The Hazen Mine in Hazen, North Dakota, was among the mines MSHA inspected in November. Selected given its enforcement history, the mine is operated by North Dakota Proppant. The inspection identified 30 violations, including 10 S&S and five unwarrantable failure findings. Specifically, MSHA inspectors found the following conditions existed at the Hazen mine:

  • Failure to provide and maintain guarding around moving machine parts. Overall, inspectors cited inadequate guarding most frequently during this inspection. The lack of appropriate protection from moving machine parts can contribute to fatal mine accidents and disabling injuries to miners.
  • Failure to provide safe access to working areas was the second-most frequently cited violation during this inspection. These conditions exposed miners to potential fall hazards. Earlier in 2023, MSHA issued a safety alert regarding the dangers associated with working at heights. The agency continues to remind operators and contractors of best practices for preventing falls, such as designing an effective fall prevention and protection program as well as providing task training.
  • Other serious violations including housekeeping violations, lack of berms around water, and equipment defects that were not corrected in a timely manner.

McCraren Compliance offers a full range of safety and health training and consulting services. Plus we can help you incorporate well-being into your traditional systems in order to support the Total Worker Health of your workforce.

Call 888-758-4757, email info@mccrarencompliance.com or visit our website www.mccrarencompliance.com

Original article published by MSHA

MSHA – Mine Fatality #37

MINE FATALITY – On November 13, 2023, a pit wall collapsed engulfing an excavator operator while he was outside of the excavator.

Accident scene where a pit wall collapsed engulfing an excavator operator while he was outside of the excavator.
Photo property of MSHA

Best Practices

  • Use appropriate mining methods when the material is steeper than its angle of repose.
    o    Install appropriate benches and trenches when necessary.
    o    Scale highwalls to eliminate hazards, e.g., steep slopes or overhangs.
  • Establish and discuss safe work procedures before beginning work. Identify and control all hazards associated with the work to be performed and the methods to properly protect miners.
  • Train miners to assess risks and hazards and correct or barricade hazards to prevent access before beginning work activities.

Additional Information

This is the 37th fatality reported in 2023, and the first classified as “Fall of Face, Rib, Side or Highwall.”


McCraren Compliance offers a full range of safety and health training and consulting services. Plus we can help you incorporate well-being into your traditional systems in order to support the Total Worker Health of your workforce.

Call 888-758-4757, email info@mccrarencompliance.com or visit our website www.mccrarencompliance.com

Original article published by MSHA

MSHA announces final rule to protect miners from surface mobile equipment-related accidents, injuries, fatalities

WASHINGTON – The U.S. Department of Labor today announced a final rule from its Mine Safety and Health Administration to help protect miners from accidents, injuries and fatalities related to surface mobile equipment. 

The rule requires mine operators to have written safety programs for surface mobile equipment — excluding belt conveyors — at surface mines and underground mines’ surface areas. The programs must include input from miners and their representatives and identify hazards and risks.

In recent years, powered haulage equipment and machinery have been the leading causes of serious and fatal mine accidents. The final rule aligns with MSHA’s overall effort to improve safety in equipment use. So far in 2023, 40 mining industry workers have suffered fatal injuries, including 16 classified as machinery and 10 classified as powered haulage fatalities.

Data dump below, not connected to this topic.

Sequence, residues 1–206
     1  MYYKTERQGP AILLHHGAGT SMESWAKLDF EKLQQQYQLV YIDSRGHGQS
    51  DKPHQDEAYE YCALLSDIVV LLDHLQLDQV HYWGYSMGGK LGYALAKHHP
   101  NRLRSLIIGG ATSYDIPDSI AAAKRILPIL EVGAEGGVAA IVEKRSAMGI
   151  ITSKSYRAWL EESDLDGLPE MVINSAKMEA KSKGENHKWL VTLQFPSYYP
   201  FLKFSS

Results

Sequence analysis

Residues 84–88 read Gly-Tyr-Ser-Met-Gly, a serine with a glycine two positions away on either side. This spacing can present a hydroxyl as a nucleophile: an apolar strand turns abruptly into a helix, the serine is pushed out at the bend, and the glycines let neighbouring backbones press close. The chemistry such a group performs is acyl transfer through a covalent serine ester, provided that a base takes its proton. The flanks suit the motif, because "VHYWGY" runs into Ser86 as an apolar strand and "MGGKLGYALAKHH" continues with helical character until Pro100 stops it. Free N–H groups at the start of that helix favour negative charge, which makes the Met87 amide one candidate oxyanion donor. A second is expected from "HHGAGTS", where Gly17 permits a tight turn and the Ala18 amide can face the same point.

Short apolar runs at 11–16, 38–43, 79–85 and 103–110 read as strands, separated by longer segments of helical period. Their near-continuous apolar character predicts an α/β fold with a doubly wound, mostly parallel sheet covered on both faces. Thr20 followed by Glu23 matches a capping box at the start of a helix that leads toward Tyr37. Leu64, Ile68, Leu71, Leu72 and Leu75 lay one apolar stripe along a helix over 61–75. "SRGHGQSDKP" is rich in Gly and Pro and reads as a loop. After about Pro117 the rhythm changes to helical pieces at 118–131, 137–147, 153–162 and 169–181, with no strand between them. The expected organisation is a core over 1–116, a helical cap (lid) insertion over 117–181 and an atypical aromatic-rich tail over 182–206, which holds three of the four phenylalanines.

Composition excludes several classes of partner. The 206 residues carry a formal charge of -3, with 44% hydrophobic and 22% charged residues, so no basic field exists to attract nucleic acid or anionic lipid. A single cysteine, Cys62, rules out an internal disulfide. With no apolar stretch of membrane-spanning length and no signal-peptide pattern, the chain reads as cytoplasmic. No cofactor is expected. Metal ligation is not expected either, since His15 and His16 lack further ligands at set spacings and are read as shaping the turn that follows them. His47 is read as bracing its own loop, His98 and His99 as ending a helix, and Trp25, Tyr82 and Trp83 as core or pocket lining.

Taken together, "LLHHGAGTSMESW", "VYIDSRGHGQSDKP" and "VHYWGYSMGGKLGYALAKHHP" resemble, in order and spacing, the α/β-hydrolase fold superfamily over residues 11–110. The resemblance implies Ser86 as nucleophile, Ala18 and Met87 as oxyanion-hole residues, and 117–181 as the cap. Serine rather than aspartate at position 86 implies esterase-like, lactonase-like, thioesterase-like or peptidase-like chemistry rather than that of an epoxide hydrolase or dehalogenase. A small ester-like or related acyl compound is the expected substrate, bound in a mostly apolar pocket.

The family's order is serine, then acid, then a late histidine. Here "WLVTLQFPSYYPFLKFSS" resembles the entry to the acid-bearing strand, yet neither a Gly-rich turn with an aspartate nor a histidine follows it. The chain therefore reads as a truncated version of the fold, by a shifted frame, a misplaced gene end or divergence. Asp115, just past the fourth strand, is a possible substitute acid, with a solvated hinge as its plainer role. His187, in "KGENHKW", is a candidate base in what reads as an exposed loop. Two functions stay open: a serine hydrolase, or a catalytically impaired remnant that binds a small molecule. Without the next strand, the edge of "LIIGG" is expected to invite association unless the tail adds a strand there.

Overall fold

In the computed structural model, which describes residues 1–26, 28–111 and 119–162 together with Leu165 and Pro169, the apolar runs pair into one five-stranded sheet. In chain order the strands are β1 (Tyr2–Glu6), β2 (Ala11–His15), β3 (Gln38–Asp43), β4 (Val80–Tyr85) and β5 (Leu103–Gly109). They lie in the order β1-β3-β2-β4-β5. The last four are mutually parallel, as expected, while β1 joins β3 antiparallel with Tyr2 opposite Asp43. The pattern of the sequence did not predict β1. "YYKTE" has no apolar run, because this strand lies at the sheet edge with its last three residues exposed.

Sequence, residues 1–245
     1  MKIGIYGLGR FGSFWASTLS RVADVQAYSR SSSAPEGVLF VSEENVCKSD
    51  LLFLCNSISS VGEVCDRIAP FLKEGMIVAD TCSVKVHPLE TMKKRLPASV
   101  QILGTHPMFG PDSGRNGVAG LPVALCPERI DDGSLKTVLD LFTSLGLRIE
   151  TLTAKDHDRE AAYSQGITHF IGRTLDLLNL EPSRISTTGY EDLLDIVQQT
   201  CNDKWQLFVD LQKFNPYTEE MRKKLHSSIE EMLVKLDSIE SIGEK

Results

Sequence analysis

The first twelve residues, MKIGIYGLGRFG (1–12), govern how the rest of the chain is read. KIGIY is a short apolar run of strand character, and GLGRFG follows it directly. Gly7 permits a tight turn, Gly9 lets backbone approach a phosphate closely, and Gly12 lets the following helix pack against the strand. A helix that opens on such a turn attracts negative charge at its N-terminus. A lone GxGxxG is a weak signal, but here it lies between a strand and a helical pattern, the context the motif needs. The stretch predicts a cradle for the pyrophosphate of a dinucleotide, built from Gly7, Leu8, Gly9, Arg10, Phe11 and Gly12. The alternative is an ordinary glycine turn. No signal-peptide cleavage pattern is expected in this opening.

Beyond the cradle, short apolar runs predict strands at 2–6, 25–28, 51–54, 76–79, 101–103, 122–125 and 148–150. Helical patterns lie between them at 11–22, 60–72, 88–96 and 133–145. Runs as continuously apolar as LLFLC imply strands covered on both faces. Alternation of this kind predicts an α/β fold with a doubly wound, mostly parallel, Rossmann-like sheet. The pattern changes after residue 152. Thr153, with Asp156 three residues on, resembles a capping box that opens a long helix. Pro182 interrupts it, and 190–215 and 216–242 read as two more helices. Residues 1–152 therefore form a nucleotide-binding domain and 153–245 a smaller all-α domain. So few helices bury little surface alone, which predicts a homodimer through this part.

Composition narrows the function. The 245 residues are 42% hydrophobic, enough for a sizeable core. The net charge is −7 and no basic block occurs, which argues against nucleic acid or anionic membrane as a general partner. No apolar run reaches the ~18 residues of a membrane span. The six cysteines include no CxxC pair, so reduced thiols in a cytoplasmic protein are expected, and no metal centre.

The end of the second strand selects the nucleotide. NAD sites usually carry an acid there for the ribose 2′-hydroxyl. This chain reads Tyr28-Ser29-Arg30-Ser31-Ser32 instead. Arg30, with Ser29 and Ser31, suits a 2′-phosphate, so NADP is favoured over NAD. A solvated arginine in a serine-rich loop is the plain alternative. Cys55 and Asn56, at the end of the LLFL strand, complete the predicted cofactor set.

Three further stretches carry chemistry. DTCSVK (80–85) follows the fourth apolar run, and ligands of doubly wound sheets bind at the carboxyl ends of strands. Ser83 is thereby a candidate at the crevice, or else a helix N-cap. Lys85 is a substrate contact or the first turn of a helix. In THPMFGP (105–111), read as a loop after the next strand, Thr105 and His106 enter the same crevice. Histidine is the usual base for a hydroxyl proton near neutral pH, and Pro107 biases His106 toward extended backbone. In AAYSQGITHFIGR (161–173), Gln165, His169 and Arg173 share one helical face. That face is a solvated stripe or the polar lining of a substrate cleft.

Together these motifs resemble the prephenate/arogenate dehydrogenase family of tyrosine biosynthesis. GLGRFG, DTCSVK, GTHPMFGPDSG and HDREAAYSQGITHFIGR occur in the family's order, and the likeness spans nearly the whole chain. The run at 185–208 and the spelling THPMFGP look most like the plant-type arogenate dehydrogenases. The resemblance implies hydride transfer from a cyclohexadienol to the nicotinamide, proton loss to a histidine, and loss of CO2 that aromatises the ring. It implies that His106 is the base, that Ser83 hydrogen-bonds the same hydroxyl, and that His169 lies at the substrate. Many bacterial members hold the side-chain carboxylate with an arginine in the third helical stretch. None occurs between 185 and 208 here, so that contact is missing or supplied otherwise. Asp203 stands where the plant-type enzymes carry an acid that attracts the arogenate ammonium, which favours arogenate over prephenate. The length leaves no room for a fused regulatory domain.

“Given the number of serious and fatal machinery and powered haulage accidents that have occurred in recent years, the Mine Safety and Health Administration has worked hard to issue this final rule to enhance safety protections for miners working with and around surface mobile equipment,” said Assistant Secretary for Mine Safety and Health Chris Williamson. “As MSHA works with the entire mining community to implement the new rule, we strongly encourage everyone to prioritize training and to identify and eliminate machinery and powered haulage hazards that can put miners’ lives and livelihoods at risk.”

Earlier this year, Assistant Secretary Williamson sent an open letter to the mining community, noting MSHA will continue to use all its tools to combat the unacceptable upward trend in fatalities. The letter also announced an inaugural “Stand Down to Save Lives” event to encourage the nation’s mining community to take steps to prevent injuries and illnesses.

Other MSHA initiatives to combat the number of mining accidents, injuries, and fatalities in machinery, powered haulage equipment and other areas include safety and health alerts, the “Take Time, Save Lives” campaignPowered Haulage Equipment Guidance, and an Enhanced Enforcement Program.

District managers will discuss compliance assistance for the mining industry at stakeholder meetings beginning in January 2024.


McCraren Compliance offers a full range of safety and health training and consulting services. Plus we can help you incorporate well-being into your traditional systems in order to support the Total Worker Health of your workforce.

Call 888-758-4757, email info@mccrarencompliance.com or visit our website www.mccrarencompliance.com

Original article published by MSHA

National Miners Day

Photo: MSHA

National Miners Day Honors America’s Miners

Each year on Dec. 6, we celebrate National Miners Day to recognize and applaud the skill, dedication and hard work miners put into providing many of the products essential to fulfilling America’s most vital needs.


McCraren Compliance offers a full range of safety and health training and consulting services. Plus we can help you incorporate well-being into your traditional systems in order to support the Total Worker Health of your workforce.

Call 888-758-4757, email info@mccrarencompliance.com or visit our website www.mccrarencompliance.com

Original article published by MSHA